Mixed lineage leukaemia rearrangement was detected in two patients, and we confirmed mTOR expression at diagnosis in only one of these children. Both of them developed very early mTOR positive relapse. The examined group included one patient with BCR-ABL1 rearrangement, who also developed very early leukaemia recurrence. ICC showed no mTOR-positive staining in his case, neither at the first diagnosis nor at relapse. Cytogenetic analysis revealed no hypodiploidy in the examined group of patients. We did not find any significant relationship between the activity of mTOR or p-mTOR and myeloid antigen co-expression detected by flow cytometry (p = 0.85, p = 0.88). One patient with high CD 15+ co-expression developed acute myeloid leukaemia during maintenance therapy of ALL treatment. Lymphoblasts of this patient were mTOR and p-mTOR positive. However, we detected positive staining only for unphosphorylated form of mTOR in myeloblasts of secondary leukaemia.

Results of ICC staining in relapsed patients

Seven out of eight mTOR positive patients developed ALL relapse or secondary leukaemia. The remaining patient died of infectious complications during initial chemotherapy and was characterised by unfavourable prognostic factors. All five patients showing positive staining for p-mTOR relapsed. The examined group included two children with mTOR-negative blast cells at the first ALL diagnosis, who had mTOR- and p-mTOR-positive leukaemia cells at relapse.
mTOR expression was found to be more frequent at ALL relapse than at the first diagnosis of the disease (7/10 vs. 8/31). This relation was revealed with strong statistical significance (p = 0.012). The same correlation was confirmed for p-mTOR expression (7/10 vs. 5/31, p = 0.001).


mTOR pathway plays a key role in cell proliferation, differentiation, growth, and survival [1]. In recent years, extensive research has been conducted on mTOR activity [12, 13] and potential efficacy of MIT in paediatric haematooncological malignancies [5, 6, 10]. Dysregulation of mTOR signalling pathway is considered to be significant in the pathogenesis of childhood ALL and critical for drug resistance development and therapeutic failure [10].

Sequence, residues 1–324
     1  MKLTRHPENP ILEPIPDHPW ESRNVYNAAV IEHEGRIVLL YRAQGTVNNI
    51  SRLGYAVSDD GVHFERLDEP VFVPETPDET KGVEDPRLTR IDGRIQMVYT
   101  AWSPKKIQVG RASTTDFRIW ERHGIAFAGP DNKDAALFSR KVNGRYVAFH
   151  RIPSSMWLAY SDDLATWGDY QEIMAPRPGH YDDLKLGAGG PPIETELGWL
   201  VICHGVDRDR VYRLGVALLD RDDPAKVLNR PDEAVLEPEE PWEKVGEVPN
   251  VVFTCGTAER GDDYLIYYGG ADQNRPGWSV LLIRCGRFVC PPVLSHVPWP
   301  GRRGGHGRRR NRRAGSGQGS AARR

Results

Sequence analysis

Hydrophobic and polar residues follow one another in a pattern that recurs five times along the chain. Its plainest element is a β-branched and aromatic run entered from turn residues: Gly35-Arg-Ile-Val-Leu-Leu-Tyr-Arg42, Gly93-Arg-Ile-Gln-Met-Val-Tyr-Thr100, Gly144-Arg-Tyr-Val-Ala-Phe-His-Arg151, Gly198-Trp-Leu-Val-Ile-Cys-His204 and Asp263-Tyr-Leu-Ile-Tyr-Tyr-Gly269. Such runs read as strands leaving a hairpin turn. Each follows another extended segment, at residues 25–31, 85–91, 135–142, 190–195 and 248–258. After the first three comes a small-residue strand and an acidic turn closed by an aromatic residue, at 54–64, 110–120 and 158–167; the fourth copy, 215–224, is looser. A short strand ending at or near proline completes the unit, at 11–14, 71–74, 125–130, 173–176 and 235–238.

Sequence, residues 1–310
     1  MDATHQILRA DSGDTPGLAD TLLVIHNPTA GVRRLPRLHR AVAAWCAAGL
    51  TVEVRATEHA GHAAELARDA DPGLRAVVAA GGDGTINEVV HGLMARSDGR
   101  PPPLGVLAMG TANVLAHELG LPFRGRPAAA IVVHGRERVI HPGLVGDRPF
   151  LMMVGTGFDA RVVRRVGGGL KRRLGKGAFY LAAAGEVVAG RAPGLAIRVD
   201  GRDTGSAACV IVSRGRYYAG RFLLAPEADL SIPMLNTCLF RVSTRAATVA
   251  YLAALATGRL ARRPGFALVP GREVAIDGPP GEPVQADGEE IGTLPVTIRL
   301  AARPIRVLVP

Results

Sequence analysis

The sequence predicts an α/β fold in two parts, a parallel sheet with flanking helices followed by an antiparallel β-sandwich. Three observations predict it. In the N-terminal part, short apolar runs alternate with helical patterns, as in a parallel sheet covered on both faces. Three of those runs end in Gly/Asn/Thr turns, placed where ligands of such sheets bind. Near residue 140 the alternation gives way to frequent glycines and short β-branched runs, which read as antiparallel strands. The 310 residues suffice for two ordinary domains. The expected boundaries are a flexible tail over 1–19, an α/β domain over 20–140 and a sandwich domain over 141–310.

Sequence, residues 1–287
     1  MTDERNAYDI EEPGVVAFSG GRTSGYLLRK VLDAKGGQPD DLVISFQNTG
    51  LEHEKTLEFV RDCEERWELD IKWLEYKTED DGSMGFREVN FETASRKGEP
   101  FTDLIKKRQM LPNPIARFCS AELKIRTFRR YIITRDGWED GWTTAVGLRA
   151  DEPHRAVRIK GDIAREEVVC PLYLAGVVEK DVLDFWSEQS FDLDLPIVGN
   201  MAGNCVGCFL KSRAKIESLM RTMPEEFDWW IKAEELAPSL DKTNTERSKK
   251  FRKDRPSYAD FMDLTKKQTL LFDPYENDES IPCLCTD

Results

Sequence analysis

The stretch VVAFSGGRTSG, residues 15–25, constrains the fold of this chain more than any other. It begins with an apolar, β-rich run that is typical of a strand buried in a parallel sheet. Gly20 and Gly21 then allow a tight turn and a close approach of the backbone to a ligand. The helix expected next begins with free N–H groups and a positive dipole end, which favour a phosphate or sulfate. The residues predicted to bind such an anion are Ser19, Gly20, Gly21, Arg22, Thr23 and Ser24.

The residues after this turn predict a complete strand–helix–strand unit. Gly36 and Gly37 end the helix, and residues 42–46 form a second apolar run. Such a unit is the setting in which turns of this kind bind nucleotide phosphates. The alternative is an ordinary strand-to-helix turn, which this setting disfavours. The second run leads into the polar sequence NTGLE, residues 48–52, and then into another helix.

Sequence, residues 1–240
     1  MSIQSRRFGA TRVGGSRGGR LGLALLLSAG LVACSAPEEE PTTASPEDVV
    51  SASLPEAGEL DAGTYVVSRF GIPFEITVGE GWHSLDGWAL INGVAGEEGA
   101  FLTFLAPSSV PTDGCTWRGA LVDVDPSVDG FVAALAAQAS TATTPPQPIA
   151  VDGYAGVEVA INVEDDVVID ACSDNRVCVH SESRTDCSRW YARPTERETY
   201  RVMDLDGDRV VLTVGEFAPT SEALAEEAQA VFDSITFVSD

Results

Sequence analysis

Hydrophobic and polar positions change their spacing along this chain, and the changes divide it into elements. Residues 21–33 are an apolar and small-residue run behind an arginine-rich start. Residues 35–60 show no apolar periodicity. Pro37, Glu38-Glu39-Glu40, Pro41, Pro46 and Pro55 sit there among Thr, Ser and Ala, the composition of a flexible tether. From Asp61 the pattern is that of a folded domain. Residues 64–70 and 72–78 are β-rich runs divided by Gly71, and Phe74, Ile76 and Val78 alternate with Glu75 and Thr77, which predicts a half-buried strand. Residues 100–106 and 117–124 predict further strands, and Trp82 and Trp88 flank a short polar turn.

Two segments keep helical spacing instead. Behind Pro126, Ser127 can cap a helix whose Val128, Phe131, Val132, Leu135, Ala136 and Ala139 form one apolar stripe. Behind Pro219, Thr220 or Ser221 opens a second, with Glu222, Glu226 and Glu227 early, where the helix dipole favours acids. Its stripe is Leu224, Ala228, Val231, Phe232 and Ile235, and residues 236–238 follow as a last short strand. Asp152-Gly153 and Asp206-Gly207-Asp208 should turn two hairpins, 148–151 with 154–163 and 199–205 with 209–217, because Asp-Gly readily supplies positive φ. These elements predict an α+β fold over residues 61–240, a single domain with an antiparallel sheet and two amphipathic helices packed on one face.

Lizhen Huang et al. reported that genotype variant of mTOR rs2536 is associated with the risk of childhood acute lymphoblastic leukaemia [3].
Despite the fact that many preclinical studies and several clinical trials (phase I/II) were conducted to evaluate MTI efficacy in ALL [9–11], only limited data exists regarding mTOR activity in childhood leukaemic cells [12, 13].
Nemes et al. assessed mTOR activity in blasts of 49 paediatric patients, aged 1.8–16.4 years, with a diagnosis of ALL (41 B-cell ALL, 8 T-cell ALL), treated according to the ALL-IC BFM 2002 and 2009 Protocol [12]. They performed ELISA (enzyme-linked immunosorbent assay) measurement of two best characterised mTOR downstream substrates: phosphorylated eukaryotic initiation factor 4E- binding protein (p-4E-BP1) and phosphorylated S6 ribosomal protein (p-S6). The study showed significantly elevated expression of mTOR downstream targets in leukaemic cells, compared to normal lymphocytes, and revealed a statistical relation between relapse occurrence, poor prednisone response (PPR), high risk-group status and mTOR activity in childhood ALL [12].